The Doctor is summoned by UNIT, a military organization that has had ties with the Doctor since the 1968 season, featuring the second Doctor. UNIT has a message to give him from Elizabeth I, who was his wife back when he was the tenth Doctor. (This has frequently been hinted at and alluded to, but until this episode, we never actually got the whole story.) In the course of this episode, the Doctor is reunited with two of his past selves: the tenth Doctor and the eighth-and-a-half Doctor who doesn’t actually go by the name “The Doctor” because he is fighting in the time war that is to destroy both the timelords and the daleks. In fact, it is he who activates the weapon that ends the war by wiping out both sides. Or at least, so we have been given to assume for the past seven seasons. This episode reveals the events that occurred between the older Doctor Who series and the new Doctor Who series, which have been described vaguely, inadequately, and incompletely up to this point. This episode had a cool plot and did a good job of typing up old loose ends in a satisfying way, which is more than I can say for the rather disappointing Christmas special that came out a month later. Also, this episode had a lot of nostalgic value, not only because it brought back the tenth Doctor and the actress who played Rose, but also because it managed to tie into the classic series. And, (mild spoiler) at the very end, Tom Baker himself makes a brief appearance. For anyone who doesn’t know, Tom Baker played the fourth Doctor from 1974 to 1981, and he was the most famous (and my personal favorite) of the Doctor’s first eight incarnations.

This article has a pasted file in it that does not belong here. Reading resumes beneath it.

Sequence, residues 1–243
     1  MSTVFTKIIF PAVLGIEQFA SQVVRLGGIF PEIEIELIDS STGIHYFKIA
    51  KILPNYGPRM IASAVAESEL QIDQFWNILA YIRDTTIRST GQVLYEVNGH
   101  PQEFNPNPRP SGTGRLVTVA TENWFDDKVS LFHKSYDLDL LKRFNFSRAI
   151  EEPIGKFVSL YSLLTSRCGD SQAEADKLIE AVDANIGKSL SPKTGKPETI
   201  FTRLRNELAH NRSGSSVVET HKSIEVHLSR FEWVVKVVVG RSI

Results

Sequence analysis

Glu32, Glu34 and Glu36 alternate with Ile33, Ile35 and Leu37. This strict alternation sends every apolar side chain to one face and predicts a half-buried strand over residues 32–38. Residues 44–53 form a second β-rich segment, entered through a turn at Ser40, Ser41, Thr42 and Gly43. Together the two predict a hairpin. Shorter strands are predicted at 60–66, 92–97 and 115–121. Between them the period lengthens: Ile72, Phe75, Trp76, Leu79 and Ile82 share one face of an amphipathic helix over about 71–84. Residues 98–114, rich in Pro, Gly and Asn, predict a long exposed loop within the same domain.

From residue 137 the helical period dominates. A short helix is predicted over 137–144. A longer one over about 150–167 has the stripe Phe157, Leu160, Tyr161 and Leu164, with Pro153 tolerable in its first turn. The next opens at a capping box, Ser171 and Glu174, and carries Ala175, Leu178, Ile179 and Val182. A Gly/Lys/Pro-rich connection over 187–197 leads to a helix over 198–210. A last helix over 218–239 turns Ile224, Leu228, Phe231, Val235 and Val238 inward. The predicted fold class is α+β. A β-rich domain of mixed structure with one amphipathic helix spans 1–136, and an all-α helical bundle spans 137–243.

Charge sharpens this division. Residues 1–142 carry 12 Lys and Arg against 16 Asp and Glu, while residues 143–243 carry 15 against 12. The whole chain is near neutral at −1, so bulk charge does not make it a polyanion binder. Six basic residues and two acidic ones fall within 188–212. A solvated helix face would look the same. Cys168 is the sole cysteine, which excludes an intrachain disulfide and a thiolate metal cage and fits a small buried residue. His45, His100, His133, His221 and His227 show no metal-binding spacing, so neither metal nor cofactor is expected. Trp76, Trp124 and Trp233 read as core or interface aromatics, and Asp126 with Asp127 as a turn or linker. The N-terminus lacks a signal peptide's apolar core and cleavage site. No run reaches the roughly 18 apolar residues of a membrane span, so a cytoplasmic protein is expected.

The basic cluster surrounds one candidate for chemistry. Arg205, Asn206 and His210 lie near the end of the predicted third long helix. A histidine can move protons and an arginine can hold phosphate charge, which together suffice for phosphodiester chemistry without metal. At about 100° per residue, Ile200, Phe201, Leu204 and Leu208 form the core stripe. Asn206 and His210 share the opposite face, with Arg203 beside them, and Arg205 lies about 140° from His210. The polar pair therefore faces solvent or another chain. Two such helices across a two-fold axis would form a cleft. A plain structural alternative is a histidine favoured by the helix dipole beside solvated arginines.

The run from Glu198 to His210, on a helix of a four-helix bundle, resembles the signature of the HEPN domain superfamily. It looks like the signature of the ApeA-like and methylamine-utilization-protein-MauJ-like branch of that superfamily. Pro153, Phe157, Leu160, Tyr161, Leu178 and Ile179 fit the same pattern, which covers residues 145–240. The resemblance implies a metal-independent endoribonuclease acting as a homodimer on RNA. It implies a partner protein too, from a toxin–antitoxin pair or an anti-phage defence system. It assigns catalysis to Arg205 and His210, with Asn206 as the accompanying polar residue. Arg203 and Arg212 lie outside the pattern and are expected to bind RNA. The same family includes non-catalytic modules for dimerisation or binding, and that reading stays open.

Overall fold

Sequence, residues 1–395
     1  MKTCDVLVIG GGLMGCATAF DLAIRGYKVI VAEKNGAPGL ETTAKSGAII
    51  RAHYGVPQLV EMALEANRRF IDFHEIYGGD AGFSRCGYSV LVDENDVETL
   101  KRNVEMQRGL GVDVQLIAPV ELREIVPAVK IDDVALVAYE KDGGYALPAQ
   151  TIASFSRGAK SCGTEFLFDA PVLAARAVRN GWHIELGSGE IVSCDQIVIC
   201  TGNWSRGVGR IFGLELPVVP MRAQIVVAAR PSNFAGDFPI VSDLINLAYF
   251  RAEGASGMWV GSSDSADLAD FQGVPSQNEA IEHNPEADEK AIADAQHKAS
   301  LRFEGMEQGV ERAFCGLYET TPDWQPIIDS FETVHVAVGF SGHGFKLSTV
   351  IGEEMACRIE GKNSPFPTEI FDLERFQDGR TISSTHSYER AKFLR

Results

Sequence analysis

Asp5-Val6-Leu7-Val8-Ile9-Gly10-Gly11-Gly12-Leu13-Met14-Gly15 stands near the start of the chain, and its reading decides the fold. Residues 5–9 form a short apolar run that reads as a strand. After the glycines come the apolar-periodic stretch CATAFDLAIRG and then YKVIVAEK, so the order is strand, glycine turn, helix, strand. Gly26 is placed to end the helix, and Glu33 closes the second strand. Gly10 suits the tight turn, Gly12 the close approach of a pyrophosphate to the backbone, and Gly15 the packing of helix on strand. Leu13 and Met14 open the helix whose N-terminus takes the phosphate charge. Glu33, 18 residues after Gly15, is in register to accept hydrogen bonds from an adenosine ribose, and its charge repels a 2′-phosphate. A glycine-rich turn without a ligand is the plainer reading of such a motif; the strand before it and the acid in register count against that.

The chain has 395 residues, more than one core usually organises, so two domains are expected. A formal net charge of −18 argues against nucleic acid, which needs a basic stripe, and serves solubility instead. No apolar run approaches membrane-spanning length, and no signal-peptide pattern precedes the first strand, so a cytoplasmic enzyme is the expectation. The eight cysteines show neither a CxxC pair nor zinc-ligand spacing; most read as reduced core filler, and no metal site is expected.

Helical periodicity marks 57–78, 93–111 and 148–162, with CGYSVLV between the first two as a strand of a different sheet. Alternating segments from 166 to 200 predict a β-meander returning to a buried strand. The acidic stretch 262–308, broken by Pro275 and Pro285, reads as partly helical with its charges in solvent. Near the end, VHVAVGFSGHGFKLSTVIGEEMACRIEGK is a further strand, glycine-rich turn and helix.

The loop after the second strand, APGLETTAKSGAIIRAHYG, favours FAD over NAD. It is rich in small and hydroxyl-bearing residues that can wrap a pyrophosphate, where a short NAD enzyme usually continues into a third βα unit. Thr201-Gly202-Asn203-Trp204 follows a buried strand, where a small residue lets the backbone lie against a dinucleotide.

Why Base Twelve Would Be Awesomer Than Base Ten


If you think about it, it’s silly that people count in base ten. Yes, it’s convenient because we happen to have ten fingers, but it’s inconvenient in numerous other ways. For example, although 1/2 and1/4 and 1/5 and 1/10 can be easily expressed by decimals, other common fractions like 1/3 and 1/6 and 1/8 are just weird if you try to write them in any other form. To give a less abstract example, the amount of time that I spend at work is measured according to a decimal system. That means that each 0.01 hour of work is 36 seconds, which is a kind of random unit of time. On some level, the human race is clearly aware that units of twelve are logical. The year has twelve months, a foot has twelve inches, and many products are sold in groups of twelve. Yet we still insist upon counting in base ten.